"The Tale of Sajida al-Rishawi"

I imagine many Americans, when they think about terrorism, have definitive ideas of what it means. I imagine its moral implications are clear. I have to imagine because, for me, there is no such clarity. Instead, I am haunted by the face of a small, haggard woman with a simple white hijab and the eyes of a dead woman walking.

On the night of November 9th, 2005, I was settling into bed, a Peace Corps Volunteer in a small Bedouin village in the north of Jordan. A two hour bus ride south, in the capital Amman, four Iraqis strapped with explosives walked into three hotels. Fifty-four people died, mostly Jordanian and Lebanese Muslims. One bomber lived, and a few tense days later, Sajida al-Rishawi was caught.

Very little of that is why Sajida’s small, dark-eyed face and hunched shoulders have haunted my conscience for more than a decade.
I've talked about this moment in history before. It changed the tide of Jordanian public opinion against Al Qaeda, and the woman whose bomb didn't go off haunted me for a decade.

This story is particularly dear to my heart, and I couldn't be more pleased to announce that "Terrorist or Tragedy? My Struggle with the Tale of Sajida al-Rishawi" has been published at Gulf Stream Literary Magazine, the publication of the Creative Writing Program at Florida International University in Miami, Florida. Read it in its entirety online.

I found this publishing opportunity through the Duotrope Weekly Wire email.
Duotrope: an award-winning resource for writers

The Little NGO That Could ... And Does!

Are you, like me, wondering how you can help Syrians today?

This Upworthy list includes a lot of places to donate. After the fiasco in Haiti, I would put the International Red Cross at the bottom of your list, and elevate an organization that was just an afterthought to Upworthy. When it comes to international development, Questscope is a story of an NGO that does it right.

Back in 2008, while I was unemployed in Jordan, I wrote a grant for Questscope. They had been one of many organizations who received about a million dollars each from the United Nations to create an informal education program for Iraqi refugees and Jordanian high school dropouts. Questscope was the only organization to successfully field their project, so at the end of the grant period, the UN came back to them. "This time, do you want forty million, or a hundred million?" they asked.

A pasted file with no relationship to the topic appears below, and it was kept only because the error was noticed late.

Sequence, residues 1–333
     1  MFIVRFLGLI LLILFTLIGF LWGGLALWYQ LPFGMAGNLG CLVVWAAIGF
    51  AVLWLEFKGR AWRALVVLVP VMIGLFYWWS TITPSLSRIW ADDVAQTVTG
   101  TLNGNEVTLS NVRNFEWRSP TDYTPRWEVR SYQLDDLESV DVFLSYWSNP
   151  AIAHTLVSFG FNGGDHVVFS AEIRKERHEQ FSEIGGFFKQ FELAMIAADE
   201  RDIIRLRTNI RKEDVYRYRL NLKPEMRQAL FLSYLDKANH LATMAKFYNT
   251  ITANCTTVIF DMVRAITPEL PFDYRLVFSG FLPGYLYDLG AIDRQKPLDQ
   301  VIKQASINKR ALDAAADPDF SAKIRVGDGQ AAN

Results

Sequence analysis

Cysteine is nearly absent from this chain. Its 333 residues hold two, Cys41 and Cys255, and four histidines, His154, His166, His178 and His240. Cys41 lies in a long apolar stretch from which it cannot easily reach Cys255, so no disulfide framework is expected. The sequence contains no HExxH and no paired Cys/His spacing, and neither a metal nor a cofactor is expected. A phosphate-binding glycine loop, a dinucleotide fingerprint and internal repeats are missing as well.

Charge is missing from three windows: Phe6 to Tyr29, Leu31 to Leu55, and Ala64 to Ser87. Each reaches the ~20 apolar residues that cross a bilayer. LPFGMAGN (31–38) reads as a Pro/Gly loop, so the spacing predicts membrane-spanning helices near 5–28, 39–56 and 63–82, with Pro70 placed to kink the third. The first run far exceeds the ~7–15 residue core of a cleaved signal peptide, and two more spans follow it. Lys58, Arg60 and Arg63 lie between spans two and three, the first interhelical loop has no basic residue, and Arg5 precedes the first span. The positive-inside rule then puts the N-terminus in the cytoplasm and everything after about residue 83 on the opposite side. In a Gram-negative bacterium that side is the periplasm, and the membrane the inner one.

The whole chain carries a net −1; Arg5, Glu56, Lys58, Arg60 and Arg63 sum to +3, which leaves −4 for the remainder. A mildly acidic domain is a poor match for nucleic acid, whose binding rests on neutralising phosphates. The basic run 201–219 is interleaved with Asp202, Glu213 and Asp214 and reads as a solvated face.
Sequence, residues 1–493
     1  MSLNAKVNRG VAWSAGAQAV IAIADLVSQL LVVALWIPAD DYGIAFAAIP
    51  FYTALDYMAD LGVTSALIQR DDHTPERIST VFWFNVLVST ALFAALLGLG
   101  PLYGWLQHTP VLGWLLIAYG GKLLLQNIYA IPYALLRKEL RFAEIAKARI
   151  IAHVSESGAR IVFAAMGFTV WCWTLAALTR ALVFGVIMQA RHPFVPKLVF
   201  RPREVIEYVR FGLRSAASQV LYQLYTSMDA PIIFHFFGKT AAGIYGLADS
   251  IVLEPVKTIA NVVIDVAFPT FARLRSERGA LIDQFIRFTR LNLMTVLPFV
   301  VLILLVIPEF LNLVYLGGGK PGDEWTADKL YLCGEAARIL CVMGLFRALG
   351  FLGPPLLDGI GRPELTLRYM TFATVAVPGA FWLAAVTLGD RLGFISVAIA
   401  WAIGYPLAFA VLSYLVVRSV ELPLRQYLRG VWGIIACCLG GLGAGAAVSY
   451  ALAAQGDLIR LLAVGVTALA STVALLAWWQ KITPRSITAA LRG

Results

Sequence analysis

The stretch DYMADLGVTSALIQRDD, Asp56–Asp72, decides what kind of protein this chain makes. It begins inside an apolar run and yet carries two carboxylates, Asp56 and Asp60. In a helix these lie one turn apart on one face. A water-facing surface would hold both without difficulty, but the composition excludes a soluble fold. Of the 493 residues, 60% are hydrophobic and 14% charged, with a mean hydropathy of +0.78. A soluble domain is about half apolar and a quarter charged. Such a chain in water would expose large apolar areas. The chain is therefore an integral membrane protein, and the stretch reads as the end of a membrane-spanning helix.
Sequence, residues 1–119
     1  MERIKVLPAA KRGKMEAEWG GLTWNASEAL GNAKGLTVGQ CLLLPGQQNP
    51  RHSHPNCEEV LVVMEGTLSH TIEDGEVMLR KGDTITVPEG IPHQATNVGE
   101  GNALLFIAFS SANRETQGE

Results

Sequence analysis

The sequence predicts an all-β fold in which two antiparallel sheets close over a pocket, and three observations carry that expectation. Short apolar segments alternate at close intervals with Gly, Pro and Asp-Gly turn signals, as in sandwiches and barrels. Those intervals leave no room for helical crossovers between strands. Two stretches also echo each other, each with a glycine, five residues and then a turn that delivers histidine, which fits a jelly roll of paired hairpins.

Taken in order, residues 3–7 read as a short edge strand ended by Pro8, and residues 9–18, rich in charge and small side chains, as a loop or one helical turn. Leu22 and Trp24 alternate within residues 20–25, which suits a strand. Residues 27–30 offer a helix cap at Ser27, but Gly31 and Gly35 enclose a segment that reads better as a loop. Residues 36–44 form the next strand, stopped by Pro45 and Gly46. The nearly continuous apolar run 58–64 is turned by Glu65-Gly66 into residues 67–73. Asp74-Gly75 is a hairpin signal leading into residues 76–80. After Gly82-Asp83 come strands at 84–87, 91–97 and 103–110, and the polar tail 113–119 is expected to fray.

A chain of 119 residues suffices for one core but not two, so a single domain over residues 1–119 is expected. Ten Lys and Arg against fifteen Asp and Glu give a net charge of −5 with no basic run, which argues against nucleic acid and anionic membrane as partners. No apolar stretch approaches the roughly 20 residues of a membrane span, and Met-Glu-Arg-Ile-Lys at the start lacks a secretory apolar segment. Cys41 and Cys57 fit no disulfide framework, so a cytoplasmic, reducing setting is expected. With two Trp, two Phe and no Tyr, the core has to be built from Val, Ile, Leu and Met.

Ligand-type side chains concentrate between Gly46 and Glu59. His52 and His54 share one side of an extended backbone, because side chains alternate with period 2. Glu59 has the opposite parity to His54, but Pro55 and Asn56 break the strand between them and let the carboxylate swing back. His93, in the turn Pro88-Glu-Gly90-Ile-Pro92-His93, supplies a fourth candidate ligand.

For all the good it does, the UN is unfortunately an organization too often impeded by a combination of grift and lax oversight. Questscope could easily have taken advantage.

"That Other Hijab Story"

“You weren’t pressured to cover up otherwise?”

“No.” Except for that one time that I never talk about....
A year ago, in the midst of outrage about yet another hijab-related civil rights fight, there was a renewed flurry of debate over the symbolism of the hijab, its place in Islam and its place in solidarity movements. I realized that there was a story about the hijab that I had never told, and that it was time to tell that story.

Read about that experience in "That Other Hijab Story" in the 2016 edition of From Sac on the theme of Outsiders. Buy it on CreateSpace!

I found this publishing opportunity through the Duotrope Weekly Wire email.
Duotrope: an award-winning resource for writers

$$$ For My Values

We are entering a difficult period in the history of American civil rights, and people keep asking, "What can I do?" It came up over Thanksgiving in my family, and this is the first of two posts with some suggestions.

I am not in a place right now where direct action is necessarily a responsible choice for me. I am, however, a professional fundraiser who earns above the median income. By day, I raise money for Neighborhood Trust, which empowers poor New Yorkers, mostly women, mostly of color, to make some of the nation's lowest incomes stretch a little farther. And as each of my own paychecks arrives, I am now part of a story Washington Post, New York Times and The Atlantic are reporting: an unprecedented flood of money to social justice nonprofits. Many have raised more funds since the election of Donald Trump than they usually raise in a quarter, or even a year. Most of those donations have been from new first-time donors, and a quarter or more are monthly recurring donations, because we know this will be a long, sustained fight.

This is my strategy.
I decided I could give $10 a month to six organizations. I get paid twice a month, and I timed my donations to hit my account a couple days after each paycheck, so that I won't spend that money on Starbucks instead. And I looked for organizations that prioritize direct support, legal defense and legislative advocacy. This is not an un-controversial position. I am strongly persuaded by the argument that the systems we have need to be broken down and rebuilt, but the pragmatist in me says that my investment makes a greater impact in the immediate short term when I work within the system, however imperfect.

These are my choices: